Time was when the only way to get that creamy head on a glass of Guinness stout was at a pub. But thanks to the “widget” — a plastic capsule that initiates a surge of bubbles when a can of Guinness is opened — draught-style Guinness has been available to home drinkers since 1988.
The man largely responsible for that is Gareth Halliwell, a Welsh engineer tasked with taking the widget from lab to production. “Making it work for one can of beer was simple,” he recalls. “Doing a thousand cans a minute was harder.”
One problem: Each can had to receive a globule of liquid nitrogen, which would turn to gas when the can was sealed and create pressure to force beer into a tiny hole in the widget. When the can was opened, beer in the widget would stream out of the hole, initiating the surge of bubbles. “But at high speed, the nitrogen globule kept missing the can or bouncing off,” says Halliwell. “We ended up spraying nitrogen at the line of cans.”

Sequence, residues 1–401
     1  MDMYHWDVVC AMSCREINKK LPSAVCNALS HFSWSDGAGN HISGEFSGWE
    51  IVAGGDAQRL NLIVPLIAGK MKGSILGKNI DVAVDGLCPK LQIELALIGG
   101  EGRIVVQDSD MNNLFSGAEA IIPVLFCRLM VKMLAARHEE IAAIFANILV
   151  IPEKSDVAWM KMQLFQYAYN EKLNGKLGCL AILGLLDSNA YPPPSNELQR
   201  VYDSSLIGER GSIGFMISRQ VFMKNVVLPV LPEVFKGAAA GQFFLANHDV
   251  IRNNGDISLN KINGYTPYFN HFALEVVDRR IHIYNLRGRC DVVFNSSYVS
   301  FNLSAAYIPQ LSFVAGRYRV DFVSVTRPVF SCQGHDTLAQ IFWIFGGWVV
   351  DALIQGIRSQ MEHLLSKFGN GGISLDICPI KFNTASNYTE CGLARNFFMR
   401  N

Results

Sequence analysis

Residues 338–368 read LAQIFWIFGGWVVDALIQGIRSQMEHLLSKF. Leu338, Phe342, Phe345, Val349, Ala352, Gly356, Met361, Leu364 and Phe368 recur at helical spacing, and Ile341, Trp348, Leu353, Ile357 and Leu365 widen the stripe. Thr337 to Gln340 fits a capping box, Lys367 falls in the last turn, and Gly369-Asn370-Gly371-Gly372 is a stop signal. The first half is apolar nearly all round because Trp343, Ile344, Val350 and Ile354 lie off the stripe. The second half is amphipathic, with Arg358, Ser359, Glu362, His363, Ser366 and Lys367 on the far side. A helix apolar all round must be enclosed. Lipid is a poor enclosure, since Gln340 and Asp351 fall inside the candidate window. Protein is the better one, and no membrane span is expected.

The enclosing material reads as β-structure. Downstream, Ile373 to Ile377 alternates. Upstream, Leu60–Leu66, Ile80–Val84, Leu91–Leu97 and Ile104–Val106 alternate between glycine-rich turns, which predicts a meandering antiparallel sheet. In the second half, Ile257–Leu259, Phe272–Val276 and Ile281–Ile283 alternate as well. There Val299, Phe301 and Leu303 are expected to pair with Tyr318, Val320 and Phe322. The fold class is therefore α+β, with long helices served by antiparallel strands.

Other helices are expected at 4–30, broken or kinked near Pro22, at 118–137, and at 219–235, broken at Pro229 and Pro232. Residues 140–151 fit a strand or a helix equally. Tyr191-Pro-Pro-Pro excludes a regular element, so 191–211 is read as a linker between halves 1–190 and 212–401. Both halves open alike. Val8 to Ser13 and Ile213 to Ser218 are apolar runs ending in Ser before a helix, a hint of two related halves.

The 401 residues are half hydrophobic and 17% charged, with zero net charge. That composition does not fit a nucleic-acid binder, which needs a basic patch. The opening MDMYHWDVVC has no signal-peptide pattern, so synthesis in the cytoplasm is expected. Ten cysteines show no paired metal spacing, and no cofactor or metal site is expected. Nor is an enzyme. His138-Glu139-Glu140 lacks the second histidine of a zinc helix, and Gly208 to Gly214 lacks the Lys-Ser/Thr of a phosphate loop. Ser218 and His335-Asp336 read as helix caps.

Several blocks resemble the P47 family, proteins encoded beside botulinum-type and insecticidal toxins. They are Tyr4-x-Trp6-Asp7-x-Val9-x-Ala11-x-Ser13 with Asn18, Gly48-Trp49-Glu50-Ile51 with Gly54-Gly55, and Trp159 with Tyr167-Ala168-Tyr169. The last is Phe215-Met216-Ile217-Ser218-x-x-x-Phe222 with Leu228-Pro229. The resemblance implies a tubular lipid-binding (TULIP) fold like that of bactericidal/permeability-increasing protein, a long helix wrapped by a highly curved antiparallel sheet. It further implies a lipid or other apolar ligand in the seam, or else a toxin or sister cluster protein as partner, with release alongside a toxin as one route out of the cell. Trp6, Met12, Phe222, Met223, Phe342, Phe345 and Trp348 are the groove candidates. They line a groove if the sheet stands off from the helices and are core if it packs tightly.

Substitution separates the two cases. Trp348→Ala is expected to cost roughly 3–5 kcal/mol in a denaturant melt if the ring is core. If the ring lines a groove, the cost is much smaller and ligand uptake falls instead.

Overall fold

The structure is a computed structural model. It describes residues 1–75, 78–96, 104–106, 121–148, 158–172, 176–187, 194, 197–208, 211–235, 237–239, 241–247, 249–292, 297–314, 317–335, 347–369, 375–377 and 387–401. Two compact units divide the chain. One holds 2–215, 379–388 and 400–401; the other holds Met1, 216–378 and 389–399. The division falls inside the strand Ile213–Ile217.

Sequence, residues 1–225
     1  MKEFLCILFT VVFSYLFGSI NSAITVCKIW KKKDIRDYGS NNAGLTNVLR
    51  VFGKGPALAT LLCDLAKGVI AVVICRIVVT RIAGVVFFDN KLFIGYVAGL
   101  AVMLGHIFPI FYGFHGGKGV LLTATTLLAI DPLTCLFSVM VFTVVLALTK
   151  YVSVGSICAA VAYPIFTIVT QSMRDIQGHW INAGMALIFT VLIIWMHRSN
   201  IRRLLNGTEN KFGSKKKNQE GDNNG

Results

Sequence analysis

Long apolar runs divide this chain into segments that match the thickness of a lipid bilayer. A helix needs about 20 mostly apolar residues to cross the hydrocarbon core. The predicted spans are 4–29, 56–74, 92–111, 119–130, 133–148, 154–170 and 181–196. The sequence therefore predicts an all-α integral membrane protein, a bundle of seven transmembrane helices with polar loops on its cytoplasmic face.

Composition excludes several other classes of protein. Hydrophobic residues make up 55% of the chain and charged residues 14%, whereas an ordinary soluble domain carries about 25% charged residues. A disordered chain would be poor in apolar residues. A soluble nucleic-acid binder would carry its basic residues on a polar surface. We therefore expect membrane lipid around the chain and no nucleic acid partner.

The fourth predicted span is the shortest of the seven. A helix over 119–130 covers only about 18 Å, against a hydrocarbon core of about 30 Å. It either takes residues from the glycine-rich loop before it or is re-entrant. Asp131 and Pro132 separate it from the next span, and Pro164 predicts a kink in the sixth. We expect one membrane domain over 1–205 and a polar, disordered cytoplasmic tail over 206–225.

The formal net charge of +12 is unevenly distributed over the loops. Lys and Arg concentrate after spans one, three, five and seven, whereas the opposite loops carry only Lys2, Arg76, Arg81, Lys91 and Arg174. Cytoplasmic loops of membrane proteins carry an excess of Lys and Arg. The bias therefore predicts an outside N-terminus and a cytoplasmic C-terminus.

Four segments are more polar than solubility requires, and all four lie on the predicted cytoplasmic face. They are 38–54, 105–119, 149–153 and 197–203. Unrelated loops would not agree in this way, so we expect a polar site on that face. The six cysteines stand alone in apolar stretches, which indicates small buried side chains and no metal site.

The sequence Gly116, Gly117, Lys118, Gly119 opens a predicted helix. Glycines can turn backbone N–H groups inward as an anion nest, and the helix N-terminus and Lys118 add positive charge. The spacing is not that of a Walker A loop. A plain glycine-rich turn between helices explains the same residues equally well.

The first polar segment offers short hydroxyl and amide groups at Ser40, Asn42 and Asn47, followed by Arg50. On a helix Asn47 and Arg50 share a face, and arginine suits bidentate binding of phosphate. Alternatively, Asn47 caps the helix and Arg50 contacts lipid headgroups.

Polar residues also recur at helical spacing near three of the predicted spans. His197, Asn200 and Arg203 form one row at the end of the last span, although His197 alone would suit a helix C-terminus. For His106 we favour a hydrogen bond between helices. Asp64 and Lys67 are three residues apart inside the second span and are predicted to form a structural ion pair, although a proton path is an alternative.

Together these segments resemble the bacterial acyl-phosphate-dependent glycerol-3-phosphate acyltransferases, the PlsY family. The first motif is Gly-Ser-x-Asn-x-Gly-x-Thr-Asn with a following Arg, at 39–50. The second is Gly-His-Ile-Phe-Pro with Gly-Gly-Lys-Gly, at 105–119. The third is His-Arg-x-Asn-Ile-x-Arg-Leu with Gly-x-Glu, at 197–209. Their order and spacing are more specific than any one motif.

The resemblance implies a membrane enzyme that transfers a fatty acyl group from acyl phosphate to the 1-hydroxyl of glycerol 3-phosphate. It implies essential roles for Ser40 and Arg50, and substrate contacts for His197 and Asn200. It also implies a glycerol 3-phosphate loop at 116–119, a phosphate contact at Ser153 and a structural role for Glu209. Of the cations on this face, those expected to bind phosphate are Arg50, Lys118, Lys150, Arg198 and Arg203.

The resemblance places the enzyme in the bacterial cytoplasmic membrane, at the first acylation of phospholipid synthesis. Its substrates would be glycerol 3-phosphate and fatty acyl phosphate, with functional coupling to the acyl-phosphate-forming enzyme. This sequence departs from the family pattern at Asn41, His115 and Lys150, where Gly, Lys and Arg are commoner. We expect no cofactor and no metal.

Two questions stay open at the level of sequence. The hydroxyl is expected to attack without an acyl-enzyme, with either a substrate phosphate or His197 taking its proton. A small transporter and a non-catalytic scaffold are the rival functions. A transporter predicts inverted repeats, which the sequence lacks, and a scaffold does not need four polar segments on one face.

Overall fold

Another challenge was the widget’s 15/1000-inch hole. “You think a hole is a hole, but should it be circular or conical or square?” says Halliwell. “At one point, we tried laser-burning it, but we were melting widgets and burning conveyors. So we made the hole part of the widget’s casting.”
Guinness’s widget has been updated several times and inspired many copycats from rivals. But Halliwell, now stationed in Jamaica with Guinness’s sister brand Red Stripe, is still proud of his legacy. “There were endless problems,” he says. “But we solved them one by one.”